By Rachel Mendell
Ralph Mulberg was litmus paper. Wherever he was, you could tell the hearts of the people around him by what they said and did.
I first saw Ralph when our family moved here in 1997 and I heard rumors about his history when I started writing for the paper in 2004. But I didn’t really meet Ralph until I was working for Cheri’ Laughbaum at the Off Center Café in the Uptowne.
I had been instructed that even if Ralph didn’t have enough money, I could still serve him his ice tea and donut (sometimes a large muffin). He would give me what change he had, usually exact change, with that slow smile of his and a quiet “Thank you.” We always made sure he had napkins and asked if he wanted a refill.
He didn’t let his aches and pains bother him. He didn’t let the cruel jesting of the teens (who liked to pour honey in the salt containers when my back was turned) bother him. Crossing busy streets and braving 598 traffic didn’t phase him. With determination he continued with his plan for the day.
When you looked closely, there was a wisdom in his eyes. I think he knew everything. He wasn’t oblivious to the chaos around him. He knew what people whispered in his presence. He knew some motorists were angry and honked when he crossed the street where there was no light. I’m sure he cared about all that, but he didn’t show it.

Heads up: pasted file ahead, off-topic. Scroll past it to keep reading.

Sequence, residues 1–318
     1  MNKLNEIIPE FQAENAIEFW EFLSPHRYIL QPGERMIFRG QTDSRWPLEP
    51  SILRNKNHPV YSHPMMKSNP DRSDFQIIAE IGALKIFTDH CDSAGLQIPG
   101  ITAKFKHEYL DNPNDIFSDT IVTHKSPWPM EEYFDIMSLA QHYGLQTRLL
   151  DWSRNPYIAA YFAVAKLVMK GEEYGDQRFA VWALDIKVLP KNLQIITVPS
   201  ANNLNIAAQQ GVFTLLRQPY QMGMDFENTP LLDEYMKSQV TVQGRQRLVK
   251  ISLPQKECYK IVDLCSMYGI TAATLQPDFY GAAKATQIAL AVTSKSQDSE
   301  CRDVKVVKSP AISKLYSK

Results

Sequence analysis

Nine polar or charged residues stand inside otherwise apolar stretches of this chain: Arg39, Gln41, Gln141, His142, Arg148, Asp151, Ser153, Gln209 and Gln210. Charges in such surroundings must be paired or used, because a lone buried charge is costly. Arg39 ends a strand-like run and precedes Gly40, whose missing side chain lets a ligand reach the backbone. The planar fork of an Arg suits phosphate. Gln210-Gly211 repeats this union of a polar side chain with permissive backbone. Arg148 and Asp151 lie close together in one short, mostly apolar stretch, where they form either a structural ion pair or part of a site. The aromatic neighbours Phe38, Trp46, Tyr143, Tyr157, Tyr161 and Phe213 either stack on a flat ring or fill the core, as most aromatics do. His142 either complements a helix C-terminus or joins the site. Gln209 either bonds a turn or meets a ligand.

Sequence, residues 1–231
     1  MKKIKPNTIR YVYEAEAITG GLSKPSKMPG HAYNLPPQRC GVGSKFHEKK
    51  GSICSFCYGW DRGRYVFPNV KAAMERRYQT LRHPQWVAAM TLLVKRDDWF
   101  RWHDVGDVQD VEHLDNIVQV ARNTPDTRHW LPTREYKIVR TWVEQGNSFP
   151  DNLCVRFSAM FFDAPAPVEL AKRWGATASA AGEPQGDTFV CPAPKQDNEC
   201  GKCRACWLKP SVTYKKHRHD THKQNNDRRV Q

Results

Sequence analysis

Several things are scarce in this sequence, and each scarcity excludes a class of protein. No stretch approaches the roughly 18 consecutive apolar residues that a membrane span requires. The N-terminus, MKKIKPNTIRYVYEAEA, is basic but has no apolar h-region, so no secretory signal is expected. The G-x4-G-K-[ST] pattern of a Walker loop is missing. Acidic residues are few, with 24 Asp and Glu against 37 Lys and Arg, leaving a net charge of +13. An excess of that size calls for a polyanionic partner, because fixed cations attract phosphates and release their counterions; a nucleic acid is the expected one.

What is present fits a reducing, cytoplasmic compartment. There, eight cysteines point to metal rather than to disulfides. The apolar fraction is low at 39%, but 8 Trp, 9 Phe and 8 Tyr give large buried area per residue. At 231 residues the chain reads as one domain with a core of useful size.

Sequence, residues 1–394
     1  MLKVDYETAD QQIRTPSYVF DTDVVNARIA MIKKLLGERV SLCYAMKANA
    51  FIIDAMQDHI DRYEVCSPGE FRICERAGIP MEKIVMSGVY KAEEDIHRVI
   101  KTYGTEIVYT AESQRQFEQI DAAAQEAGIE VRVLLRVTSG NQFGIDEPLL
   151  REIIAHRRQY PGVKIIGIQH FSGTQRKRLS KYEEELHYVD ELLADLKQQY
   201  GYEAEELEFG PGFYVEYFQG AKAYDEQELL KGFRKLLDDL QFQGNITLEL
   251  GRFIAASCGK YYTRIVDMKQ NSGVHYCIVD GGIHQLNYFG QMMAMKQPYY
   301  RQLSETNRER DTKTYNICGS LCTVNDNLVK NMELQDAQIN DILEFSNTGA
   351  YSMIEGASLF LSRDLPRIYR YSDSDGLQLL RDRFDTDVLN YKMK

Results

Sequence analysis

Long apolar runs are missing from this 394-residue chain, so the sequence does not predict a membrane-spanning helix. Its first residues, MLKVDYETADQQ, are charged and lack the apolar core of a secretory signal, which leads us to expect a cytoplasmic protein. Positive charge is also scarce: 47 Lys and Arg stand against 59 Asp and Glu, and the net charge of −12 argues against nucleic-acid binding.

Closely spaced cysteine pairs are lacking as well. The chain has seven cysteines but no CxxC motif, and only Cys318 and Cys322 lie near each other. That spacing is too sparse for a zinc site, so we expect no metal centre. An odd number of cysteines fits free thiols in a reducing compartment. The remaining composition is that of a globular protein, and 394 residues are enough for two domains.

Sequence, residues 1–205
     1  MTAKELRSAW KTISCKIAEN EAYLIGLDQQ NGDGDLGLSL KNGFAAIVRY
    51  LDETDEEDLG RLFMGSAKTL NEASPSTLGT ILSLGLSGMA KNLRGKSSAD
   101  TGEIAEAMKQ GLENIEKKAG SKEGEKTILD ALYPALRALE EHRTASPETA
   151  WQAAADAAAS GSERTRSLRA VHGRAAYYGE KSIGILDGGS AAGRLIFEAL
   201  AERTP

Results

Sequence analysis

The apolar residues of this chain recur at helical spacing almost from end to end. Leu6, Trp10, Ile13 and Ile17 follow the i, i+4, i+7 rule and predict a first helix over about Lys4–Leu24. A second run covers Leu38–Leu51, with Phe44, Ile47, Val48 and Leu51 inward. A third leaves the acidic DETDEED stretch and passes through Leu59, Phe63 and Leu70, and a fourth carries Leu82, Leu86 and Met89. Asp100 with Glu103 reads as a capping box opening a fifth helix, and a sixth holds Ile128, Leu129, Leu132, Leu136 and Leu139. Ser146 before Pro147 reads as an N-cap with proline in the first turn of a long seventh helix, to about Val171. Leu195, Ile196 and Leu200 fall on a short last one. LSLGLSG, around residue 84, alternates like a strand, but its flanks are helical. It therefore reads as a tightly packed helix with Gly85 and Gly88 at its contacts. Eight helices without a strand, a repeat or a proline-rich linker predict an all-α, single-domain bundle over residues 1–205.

What that litmus paper did was show me the acid in my heart. I admit I felt a small frustration when he walked into the café. It meant that I must meet the challenge of serving him. It meant that I might have to listen to the kids (and adults) say mean things. It even meant that some customers would walk right back out the door the minute they spotted him sitting in his regular chair.
I am relieved to tell you that I met that challenge each day he came in. I also have to say that the acid has been neutralized because I served him. Ralph taught me a few things about life. Walk where you want to with determination. Follow your plan for the day, but be open to change. Don’t let the heartless words of others ruin your day. Be prepared by wearing your orange-yellow suit and taking your essentials with you in your wagon. Be generous and let others share what they have with you.
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